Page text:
More northwestern South Dakota ranchers are suing the U.S. Forest Service over a 2013 prescribed burn that escaped its boundaries and scorched private land.
A third lawsuit has been filed in federal court alleging that the U.S. Forest Service committed numerous errors in its preparation and execution of the fire. Two similar lawsuits were filed last week in federal court, the Rapid City Journal reports.
The third lawsuit names 11 plaintiffs and brings to 25 the number of ranchers seeking unspecified damages for the April 3, 2013 Pautre Fire.
The Forest Service intended to burn about one-third of a square mile of federal land, but the fire got out of hand and spread across 17 square miles, including 11 square miles of privately owned land.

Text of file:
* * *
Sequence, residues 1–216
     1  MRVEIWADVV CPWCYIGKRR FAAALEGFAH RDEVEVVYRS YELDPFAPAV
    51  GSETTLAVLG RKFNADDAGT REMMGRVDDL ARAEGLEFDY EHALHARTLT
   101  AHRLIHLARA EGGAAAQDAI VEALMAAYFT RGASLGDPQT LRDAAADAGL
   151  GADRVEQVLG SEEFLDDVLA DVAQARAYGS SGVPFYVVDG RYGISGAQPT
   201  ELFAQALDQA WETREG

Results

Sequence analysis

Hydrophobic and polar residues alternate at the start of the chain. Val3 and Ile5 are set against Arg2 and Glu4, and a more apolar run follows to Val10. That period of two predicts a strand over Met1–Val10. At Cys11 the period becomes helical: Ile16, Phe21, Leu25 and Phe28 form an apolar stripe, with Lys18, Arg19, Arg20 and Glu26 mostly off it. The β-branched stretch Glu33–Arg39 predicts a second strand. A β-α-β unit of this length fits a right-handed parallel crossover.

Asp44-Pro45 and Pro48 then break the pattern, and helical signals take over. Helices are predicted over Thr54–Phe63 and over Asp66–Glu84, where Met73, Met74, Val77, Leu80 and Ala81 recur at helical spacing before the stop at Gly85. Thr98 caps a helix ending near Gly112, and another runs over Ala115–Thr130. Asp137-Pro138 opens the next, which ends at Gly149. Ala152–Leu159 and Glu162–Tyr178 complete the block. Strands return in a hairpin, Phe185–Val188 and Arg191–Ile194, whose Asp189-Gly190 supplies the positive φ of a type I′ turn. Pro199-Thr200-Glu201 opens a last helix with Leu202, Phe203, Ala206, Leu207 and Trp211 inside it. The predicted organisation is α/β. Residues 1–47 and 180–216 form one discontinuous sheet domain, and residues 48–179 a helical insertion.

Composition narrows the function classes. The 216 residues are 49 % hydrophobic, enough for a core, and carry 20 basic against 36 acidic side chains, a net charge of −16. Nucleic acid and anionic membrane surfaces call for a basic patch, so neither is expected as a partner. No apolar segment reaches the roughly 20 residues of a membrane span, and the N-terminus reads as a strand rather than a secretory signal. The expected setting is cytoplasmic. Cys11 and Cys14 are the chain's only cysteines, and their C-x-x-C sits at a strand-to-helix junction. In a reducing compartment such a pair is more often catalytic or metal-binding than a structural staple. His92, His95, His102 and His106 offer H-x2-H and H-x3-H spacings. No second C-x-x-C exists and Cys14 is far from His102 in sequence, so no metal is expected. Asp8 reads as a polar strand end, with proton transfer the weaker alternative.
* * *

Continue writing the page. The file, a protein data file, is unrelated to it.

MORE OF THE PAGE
Agriculture Secretary Tom Vilsack, in a June letter to U.S. Sen. John Thune, said the Forest Service relied on weather forecasts from the National Weather Service's Rapid City office that proved inaccurate.
Affected landowners previously filed more than $50 million worth of administrative claims that were denied by the U.S. Department of Agriculture, which oversees the Forest Service.
Some of the ranchers are alleging damages to grassland, hay, crops, soil, fences, trees, wildlife, cattle and the market value and fertility of surviving cattle. Some ranchers also cited other costs related to post-fire cleanup, invasive weed control, rental of alternative pasture land and medical care for injured cattle.